Information and discussion on all aspects of British photographic history
As part of the National Museum Cardiff's Photography Season 2019-20 three new exhibitions have opened presenting work by four of the most influential artists/photographers in the history of the medium: August Sander, Bernd and Hilla Becher and Martin Parr. The exhibitions predominantly comprise loaned photographs, a number of which have never been exhibited before, and all of which will be displayed for the first time in Wales. They continue to 1 March 2020.
ARTIST ROOMS: August Sander presents over eighty photographs by August Sander (1876-1964), one of the most influential photographers of the 20th century. The photographs are drawn from Sander’s monumental project People of the Twentieth Century, which classifies individuals and groups of people according to profession and social class. The exhibition is drawn from a major collection of over 170 modern prints, produced from the original plates by August Sander’s grandson, Gerd Sander and placed on long loan to ARTIST ROOMS.
Bernd and Hilla Becher: Industrial Visions brings together 225 photographs by two of the most significant artists of the twentieth century. For over 50 years the Becher’s collaborated on a project to document industrial structures across Europe and the USA. Their photographic inventory included winding towers, blast furnaces, cooling towers, gasometers, grain elevators, water towers and lime kilns. In 1965 the Becher’s made their first visit to Wales and returned in 1966 after receiving a British Council Fellowship. Based at a campsite in Glynneath, they explored the south Wales valleys and made an extensive series of photographs that now stand as monuments to a lost world of labour that were once central to the social fabric of industrial communities.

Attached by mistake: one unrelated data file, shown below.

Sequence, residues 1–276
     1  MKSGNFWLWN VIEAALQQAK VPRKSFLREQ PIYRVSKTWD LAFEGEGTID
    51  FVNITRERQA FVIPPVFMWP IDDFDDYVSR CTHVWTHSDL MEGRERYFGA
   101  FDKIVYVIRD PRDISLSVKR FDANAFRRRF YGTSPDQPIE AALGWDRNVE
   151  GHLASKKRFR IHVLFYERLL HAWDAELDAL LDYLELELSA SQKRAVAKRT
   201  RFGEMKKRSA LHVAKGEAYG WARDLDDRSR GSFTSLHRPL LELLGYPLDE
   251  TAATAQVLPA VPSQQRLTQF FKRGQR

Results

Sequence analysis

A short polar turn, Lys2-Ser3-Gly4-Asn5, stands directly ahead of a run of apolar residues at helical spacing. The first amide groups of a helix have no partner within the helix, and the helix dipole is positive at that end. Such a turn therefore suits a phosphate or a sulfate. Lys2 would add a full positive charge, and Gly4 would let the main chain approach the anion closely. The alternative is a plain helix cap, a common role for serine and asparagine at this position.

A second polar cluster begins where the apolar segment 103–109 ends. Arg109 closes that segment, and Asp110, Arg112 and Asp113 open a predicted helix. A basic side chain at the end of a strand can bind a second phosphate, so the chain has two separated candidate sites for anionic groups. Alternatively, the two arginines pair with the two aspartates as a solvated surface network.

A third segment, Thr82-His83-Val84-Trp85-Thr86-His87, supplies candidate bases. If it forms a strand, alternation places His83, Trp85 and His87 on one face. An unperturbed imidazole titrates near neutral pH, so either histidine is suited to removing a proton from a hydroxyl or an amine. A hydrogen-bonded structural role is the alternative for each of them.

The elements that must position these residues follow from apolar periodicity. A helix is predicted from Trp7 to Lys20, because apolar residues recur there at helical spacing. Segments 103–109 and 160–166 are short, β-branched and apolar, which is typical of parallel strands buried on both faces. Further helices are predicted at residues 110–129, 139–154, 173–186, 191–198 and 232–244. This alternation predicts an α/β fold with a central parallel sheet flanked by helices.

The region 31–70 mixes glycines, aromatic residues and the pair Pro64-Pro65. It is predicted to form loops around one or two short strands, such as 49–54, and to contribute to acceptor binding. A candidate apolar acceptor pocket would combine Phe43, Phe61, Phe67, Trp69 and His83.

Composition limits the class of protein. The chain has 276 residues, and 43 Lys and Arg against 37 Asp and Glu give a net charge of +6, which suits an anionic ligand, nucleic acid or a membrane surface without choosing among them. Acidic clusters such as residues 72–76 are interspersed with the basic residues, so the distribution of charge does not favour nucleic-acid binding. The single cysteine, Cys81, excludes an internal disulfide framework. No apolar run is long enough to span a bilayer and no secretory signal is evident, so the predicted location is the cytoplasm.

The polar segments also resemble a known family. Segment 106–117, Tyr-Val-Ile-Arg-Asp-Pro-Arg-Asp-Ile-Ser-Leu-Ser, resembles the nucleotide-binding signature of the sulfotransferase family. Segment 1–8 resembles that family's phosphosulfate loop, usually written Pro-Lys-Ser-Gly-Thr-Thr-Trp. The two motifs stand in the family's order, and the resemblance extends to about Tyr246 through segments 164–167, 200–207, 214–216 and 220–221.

Martin Parr in Wales. Martin Parr is one of the most influential and prolific photographers working today. He has always been drawn to Wales, having lived just over the border in nearby Bristol for thirty years. Throughout that time, he has undertaken several editorial and cultural commissions, covering subjects from working men’s clubs to coal mining. This exhibition brings together, for the first time, works that explore different aspects of Welsh life and culture, from male voice choirs and national sports to food, festivals and the seaside.
Image: Bernd and Hilla Becher: Blaenserchan Colliery, Pontypool, South Wales, GB, 1966
© Estate Bernd & Hilla Becher, represented by Max Becher, courtesy Die Photographische Sammlung/SK Stiftung Kultur – Bernd und Hilla Becher Archive, Cologne, 2019
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